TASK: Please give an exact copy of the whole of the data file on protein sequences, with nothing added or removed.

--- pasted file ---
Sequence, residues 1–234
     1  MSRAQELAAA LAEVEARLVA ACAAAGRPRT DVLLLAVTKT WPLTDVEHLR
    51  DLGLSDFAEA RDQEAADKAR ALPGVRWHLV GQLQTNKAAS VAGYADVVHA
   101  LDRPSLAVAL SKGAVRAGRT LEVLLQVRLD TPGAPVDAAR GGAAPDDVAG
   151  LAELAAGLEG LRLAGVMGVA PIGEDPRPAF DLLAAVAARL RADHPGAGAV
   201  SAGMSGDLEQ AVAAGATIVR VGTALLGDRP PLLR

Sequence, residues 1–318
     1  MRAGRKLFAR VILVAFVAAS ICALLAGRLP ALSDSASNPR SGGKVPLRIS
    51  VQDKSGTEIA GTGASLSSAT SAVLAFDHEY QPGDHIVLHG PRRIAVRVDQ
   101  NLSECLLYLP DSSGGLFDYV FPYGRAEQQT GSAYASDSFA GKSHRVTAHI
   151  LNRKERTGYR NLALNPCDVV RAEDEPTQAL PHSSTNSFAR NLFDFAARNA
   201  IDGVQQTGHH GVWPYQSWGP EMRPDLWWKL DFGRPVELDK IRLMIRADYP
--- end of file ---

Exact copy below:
Sequence, residues 1–234
     1  MSRAQELAAA LAEVEARLVA ACAAAGRPRT DVLLLAVTKT WPLTDVEHLR
    51  DLGLSDFAEA RDQEAADKAR ALPGVRWHLV GQLQTNKAAS VAGYADVVHA
   101  LDRPSLAVAL SKGAVRAGRT LEVLLQVRLD TPGAPVDAAR GGAAPDDVAG
   151  LAELAAGLEG LRLAGVMGVA PIGEDPRPAF DLLAAVAARL RADHPGAGAV
   201  SAGMSGDLEQ AVAAGATIVR VGTALLGDRP PLLR

Sequence, residues 1–318
     1  MRAGRKLFAR VILVAFVAAS ICALLAGRLP ALSDSASNPR SGGKVPLRIS
    51  VQDKSGTEIA GTGASLSSAT SAVLAFDHEY QPGDHIVLHG PRRIAVRVDQ
   101  NLSECLLYLP DSSGGLFDYV FPYGRAEQQT GSAYASDSFA GKSHRVTAHI
   151  LNRKERTGYR NLALNPCDVV RAEDEPTQAL PHSSTNSFAR NLFDFAARNA
   201  IDGVQQTGHH GVWPYQSWGP EMRPDLWWKL DFGRPVELDK IRLMIRADYP